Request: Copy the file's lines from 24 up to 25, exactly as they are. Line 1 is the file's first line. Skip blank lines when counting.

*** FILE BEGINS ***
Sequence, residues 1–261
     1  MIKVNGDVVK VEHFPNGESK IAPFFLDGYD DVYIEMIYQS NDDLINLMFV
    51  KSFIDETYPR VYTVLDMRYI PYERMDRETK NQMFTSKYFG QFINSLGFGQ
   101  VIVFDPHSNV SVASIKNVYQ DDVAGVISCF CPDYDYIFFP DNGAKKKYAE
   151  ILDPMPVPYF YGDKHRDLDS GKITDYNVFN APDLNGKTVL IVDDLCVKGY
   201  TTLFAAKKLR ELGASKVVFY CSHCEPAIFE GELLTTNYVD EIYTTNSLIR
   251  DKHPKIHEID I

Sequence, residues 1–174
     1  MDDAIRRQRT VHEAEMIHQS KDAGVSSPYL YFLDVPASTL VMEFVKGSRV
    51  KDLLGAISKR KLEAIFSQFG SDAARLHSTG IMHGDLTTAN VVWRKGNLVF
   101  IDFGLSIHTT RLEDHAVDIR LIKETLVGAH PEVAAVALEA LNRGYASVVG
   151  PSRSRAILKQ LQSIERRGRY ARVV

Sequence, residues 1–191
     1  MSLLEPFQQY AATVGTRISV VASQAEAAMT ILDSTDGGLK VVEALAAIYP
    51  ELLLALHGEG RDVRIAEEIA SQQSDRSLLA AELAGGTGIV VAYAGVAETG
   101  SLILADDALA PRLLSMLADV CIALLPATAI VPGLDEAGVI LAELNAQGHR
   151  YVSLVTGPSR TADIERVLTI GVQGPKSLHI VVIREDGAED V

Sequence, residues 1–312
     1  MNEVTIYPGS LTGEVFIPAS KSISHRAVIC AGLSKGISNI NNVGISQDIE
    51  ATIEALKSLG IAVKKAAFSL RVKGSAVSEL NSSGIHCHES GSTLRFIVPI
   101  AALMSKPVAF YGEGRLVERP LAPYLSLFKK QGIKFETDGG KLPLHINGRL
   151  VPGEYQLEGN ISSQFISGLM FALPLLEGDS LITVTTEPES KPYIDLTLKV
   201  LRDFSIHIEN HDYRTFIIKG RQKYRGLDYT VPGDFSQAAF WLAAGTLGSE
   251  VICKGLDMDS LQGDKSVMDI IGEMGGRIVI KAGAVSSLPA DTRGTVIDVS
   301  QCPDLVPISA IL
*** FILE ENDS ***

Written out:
   251  VICKGLDMDS LQGDKSVMDI IGEMGGRIVI KAGAVSSLPA DTRGTVIDVS
   301  QCPDLVPISA IL